again. "That reminds me of Mik- Thunder growled louder. Simon
hail, who is much influenced by was thinking, dreamily, that if the
our Finnish grandmother. 'He had soul of Grushenka Stulnikov-Gu-
the belief as a child that he could revich were split into thousands of
call up the winds by whistling for sub-souls, vibrating hynotically in
them-he even learned special the nearby water tank, with at least
wind musics from her. Later he be- one of them escaping as far as his
came a Christian religious-there bathtub, then it was no wonder if
are great struggles in him. Mikhail Grushenka had a strange attrac-
objected to my researches when he tion for him.
heard I used the egg of my sister. "But that is not yet the worst,"
He said we will produce millions Vasily continued. "The hypnotic
of souls who are not baptized. I vibrations of the free-swimming
asked him how about the water ones in their multitude turn out to
they are in, he replied this is not have a stimulating effect on any
the same thing, these little swim- male who is near. Their sub-minds
mers will wriggle in hell eternally. induce dreams of the piquant sort.
This worried hiln greatly. We tried Lev says that to make money for
to tell him I had not used the egg the work we must sell these dreams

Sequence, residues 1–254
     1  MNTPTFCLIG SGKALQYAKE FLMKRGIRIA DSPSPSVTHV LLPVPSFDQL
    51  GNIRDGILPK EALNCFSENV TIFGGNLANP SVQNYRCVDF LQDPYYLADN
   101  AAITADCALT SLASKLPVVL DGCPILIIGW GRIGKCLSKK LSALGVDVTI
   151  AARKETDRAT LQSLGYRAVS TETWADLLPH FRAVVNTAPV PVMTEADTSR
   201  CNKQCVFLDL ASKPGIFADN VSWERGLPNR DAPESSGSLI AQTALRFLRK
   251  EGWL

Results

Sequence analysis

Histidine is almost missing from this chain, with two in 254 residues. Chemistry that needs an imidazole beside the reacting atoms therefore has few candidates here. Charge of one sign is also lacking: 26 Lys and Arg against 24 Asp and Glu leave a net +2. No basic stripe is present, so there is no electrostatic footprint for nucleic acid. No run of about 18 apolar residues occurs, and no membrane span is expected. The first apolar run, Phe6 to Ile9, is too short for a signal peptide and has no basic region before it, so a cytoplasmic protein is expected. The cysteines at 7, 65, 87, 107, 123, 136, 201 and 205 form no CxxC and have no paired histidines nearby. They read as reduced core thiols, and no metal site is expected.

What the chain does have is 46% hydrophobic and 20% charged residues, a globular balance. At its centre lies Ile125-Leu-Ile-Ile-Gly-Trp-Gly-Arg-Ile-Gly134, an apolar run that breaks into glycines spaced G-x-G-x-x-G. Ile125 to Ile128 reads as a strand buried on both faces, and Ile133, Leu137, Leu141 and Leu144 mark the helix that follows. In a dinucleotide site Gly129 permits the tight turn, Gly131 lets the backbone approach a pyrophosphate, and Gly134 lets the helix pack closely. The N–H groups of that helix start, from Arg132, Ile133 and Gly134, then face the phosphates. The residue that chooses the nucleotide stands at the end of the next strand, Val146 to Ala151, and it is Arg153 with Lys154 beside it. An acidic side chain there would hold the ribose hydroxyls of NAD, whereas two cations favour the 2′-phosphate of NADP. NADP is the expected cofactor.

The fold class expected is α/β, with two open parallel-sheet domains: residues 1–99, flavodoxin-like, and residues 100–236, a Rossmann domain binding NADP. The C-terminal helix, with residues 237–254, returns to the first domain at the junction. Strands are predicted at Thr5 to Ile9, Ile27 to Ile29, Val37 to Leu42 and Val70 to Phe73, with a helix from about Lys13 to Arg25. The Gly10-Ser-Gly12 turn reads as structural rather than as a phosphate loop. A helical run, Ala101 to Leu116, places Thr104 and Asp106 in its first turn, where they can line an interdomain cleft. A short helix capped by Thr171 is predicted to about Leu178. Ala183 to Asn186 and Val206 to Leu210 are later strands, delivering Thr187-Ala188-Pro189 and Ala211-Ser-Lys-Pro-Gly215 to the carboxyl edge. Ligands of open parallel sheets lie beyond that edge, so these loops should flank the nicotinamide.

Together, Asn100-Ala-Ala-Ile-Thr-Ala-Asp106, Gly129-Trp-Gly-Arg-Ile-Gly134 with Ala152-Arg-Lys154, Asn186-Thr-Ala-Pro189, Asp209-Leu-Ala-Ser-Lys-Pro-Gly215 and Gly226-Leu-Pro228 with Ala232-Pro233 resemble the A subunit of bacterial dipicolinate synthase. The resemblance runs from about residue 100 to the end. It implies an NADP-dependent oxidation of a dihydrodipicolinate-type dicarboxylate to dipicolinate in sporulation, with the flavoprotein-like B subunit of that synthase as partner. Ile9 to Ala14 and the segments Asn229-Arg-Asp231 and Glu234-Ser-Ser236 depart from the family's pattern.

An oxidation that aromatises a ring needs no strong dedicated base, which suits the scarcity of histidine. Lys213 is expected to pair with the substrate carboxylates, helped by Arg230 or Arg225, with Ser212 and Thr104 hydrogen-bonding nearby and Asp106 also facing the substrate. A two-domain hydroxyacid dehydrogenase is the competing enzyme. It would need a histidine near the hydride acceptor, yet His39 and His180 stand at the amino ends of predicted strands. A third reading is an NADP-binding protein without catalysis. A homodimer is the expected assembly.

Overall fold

of my sister, only the egg of a fish. to rich men. I protest, but to no
"But he did not believe this, be- avail.
cause my sister changed greatly at "Lev is maddened for money.
the time. She no longer spoke. She Now besides selling the dreams I
put on my mother's bathing cos- find he plans to sell the creatures
tume (we are a family people) and themselves, sell them one by one,
retired to the bathtub all day long. but keep enough to sell the dreams
I ac~epted this-at least in the wa- too. It is a madness."
ter she is not violent. Mikhail said, The darkness had become that of
~See, her soul is now split into many night. The thunder continued to
unredeemed sub-souls, one each for growl and now it seemed to Simon
the little S\Vilnmers. There is a that it had music in it. Visions
sympathy between them-a hyp- swam through his mind to its
rhythm-hordes of swimming pyg- a\vare at last of the identity of the
my souls, of unborn water babies, other sound, which had been gro'v-
migrations of miniature mermaids. ing in volume all the time.
The pipe hanging between water Simultaneously Vasily struggled
tank and pentshack became in his to his feet.
ilnagination a giant umbilicus or a "The organ!" he cried. "Mikhail
canal for a monstrous multiple is playing the Whirlwind Music!
We must stop him !~' Pausing only
birth. Sitting beneath it, helpless to
move, he focused his attention withfor a last pull at the bottle, he
increasing pleasure on the active, charged into the pent-shack, follow-
supple, ever more hUlnan girl- ing Ivan.
bodies that swam across his mind. Wind was shaking the heavy pipe
Now more mermaid than tadpole, over Simon's head, tossing him
with bright smiling lips and eyes, back and forth in the chair. Look-
long Lorelei-hair trailing behind ing with an effort toward the west,
them, they darted and hovered Silnon saw the reason: a spinning